Let’s get the superficialities out of the way first: Cowboy aficionados will love the look of this movie. At first glance the two main characters, Ennis Del Mar (Heath Ledger) and Jack Twist (Jake Gyllenhaal), seem to be two prototypically hunky, macho Marlboro Men—but without the theme from “The Magnificent Seven” playing in the background the way it used to in Marlboro commercials.

(Actually, there are a lot of good-looking men in this film—many of the extras in the rodeo scenes are members of the Calgary Gay Rodeo Association.)

The cinematography for the first part of the movie captures lush, wild, expansive, breathtaking vistas of Brokeback Mountain. Herds of sheep move like ocean waves, and two beautiful men live under the stars, cook over a campfire, bathe in a mountain stream, caress and roughhouse and fall in love.

Then the action moves down from Brokeback Mountain to the more pedestrian world below, and both scenery and cinematography become plainer, sparer, and harsher. (Remember The Wizard of Oz? The Land of Oz was filmed in color, while Kansas was in black-and-white.)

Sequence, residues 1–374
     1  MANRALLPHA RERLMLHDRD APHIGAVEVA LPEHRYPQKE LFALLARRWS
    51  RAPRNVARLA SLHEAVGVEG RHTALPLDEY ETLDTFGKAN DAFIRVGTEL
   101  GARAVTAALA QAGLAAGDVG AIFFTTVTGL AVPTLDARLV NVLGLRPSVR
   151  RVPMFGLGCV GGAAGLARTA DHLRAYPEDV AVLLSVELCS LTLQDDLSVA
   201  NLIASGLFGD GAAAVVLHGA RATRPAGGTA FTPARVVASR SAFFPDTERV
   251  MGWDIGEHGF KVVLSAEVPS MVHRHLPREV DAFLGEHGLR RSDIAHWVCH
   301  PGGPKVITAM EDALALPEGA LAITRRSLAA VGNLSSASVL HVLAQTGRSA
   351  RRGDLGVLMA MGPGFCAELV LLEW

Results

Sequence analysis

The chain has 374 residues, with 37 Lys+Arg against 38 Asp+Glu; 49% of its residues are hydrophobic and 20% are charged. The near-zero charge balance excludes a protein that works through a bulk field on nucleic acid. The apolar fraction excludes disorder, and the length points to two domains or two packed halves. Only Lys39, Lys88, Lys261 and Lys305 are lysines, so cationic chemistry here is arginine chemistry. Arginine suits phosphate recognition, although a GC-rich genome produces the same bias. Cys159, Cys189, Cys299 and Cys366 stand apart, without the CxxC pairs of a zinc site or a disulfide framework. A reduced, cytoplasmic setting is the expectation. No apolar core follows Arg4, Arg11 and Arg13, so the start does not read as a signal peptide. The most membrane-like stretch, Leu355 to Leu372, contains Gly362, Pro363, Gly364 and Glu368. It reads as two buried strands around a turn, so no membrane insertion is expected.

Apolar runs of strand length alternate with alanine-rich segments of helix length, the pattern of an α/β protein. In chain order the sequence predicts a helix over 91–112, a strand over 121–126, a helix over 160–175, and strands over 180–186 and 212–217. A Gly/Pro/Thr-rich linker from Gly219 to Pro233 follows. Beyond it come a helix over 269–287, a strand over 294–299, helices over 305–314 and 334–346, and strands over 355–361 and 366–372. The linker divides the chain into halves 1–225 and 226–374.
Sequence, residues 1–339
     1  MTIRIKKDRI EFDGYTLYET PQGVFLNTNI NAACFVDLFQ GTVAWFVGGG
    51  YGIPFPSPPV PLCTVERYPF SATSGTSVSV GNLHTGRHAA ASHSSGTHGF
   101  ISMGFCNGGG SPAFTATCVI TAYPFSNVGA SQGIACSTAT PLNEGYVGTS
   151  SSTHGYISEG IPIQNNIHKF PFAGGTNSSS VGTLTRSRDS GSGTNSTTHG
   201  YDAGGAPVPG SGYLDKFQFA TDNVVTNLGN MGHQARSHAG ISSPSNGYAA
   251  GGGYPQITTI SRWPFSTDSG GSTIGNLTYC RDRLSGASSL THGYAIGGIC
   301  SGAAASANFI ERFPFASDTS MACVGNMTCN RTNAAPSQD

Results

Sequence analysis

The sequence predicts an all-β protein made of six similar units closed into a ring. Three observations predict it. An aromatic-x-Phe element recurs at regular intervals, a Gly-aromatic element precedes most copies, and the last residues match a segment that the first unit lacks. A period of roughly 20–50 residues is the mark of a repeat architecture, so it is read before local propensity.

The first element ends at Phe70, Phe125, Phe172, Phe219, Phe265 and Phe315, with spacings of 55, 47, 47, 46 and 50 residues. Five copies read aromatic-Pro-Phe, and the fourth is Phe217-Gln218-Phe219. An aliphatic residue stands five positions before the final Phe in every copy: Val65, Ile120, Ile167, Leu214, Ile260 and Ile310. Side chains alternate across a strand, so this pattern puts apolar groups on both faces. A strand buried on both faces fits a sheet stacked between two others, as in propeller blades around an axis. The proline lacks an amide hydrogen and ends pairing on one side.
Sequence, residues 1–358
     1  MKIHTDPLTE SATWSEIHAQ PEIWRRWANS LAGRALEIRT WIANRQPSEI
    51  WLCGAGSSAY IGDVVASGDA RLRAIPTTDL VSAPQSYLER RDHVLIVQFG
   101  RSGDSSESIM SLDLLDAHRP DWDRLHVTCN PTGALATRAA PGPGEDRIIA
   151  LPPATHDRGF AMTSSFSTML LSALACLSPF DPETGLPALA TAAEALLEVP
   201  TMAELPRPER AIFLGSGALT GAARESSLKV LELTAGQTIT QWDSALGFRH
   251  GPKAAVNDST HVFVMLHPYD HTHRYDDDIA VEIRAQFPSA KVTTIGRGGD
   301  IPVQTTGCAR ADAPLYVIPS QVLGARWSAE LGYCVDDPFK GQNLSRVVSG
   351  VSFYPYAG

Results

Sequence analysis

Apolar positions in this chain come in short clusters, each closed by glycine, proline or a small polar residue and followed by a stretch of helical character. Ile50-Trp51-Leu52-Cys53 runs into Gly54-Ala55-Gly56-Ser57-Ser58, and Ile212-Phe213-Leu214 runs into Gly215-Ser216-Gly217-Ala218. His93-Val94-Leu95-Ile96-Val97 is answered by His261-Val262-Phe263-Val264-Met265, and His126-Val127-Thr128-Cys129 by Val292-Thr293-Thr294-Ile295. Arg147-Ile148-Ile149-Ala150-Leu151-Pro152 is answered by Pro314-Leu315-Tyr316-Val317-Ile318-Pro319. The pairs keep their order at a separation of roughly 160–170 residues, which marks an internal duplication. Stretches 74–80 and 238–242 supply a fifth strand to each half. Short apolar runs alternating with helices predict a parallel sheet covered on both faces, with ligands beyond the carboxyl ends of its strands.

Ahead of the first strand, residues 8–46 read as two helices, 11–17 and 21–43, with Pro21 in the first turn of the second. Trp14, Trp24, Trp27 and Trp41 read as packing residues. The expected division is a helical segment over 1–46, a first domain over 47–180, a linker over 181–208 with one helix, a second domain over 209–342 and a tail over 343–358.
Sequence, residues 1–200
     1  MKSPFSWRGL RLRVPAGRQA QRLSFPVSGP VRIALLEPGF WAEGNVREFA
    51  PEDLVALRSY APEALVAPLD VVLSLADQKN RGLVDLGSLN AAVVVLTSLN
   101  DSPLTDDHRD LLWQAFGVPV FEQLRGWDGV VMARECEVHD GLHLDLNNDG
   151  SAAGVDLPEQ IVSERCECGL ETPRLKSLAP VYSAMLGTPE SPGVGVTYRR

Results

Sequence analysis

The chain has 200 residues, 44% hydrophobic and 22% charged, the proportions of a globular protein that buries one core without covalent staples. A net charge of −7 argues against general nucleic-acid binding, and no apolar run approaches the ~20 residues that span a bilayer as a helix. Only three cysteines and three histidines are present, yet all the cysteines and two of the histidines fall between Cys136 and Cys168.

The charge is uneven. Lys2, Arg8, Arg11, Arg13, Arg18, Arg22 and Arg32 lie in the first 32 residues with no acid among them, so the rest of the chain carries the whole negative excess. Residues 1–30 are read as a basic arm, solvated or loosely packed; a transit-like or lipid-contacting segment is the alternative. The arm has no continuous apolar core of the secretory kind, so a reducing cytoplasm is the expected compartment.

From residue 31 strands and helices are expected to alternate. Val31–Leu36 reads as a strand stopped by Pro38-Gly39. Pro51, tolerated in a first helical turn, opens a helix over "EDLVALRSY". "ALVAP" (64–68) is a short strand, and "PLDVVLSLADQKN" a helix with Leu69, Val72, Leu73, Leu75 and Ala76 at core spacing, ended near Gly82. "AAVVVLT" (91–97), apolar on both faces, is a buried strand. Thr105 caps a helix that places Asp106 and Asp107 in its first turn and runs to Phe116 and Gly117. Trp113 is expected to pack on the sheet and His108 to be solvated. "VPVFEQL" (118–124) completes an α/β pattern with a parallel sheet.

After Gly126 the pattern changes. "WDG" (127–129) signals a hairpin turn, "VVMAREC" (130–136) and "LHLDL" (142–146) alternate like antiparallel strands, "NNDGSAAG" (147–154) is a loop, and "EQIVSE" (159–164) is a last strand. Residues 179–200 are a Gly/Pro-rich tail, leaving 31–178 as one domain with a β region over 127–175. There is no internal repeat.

Based on the buzz surrounding the film, I thought there’d be more on-screen sex. (Silly me—the “R” rating should have tipped me off.) There’s sex—and rough sex, at that—but the sex scenes are shot obliquely and discreetly. The film contains a few nude shots but no male frontals—the audience might have the illusion of seeing more than is actually on the film. (I’m sure, even as I write this, many people are busy filming the several inevitable porn rip-offs.)

Brokeback Mountain is not a sex story. It’s a love story. It just happens to be a love story between two guys. They spend one summer together tending sheep on Brokeback Mountain, during which time they fall in love. They spend the rest of the film, and their lives, trying to figure out what to do with their feelings.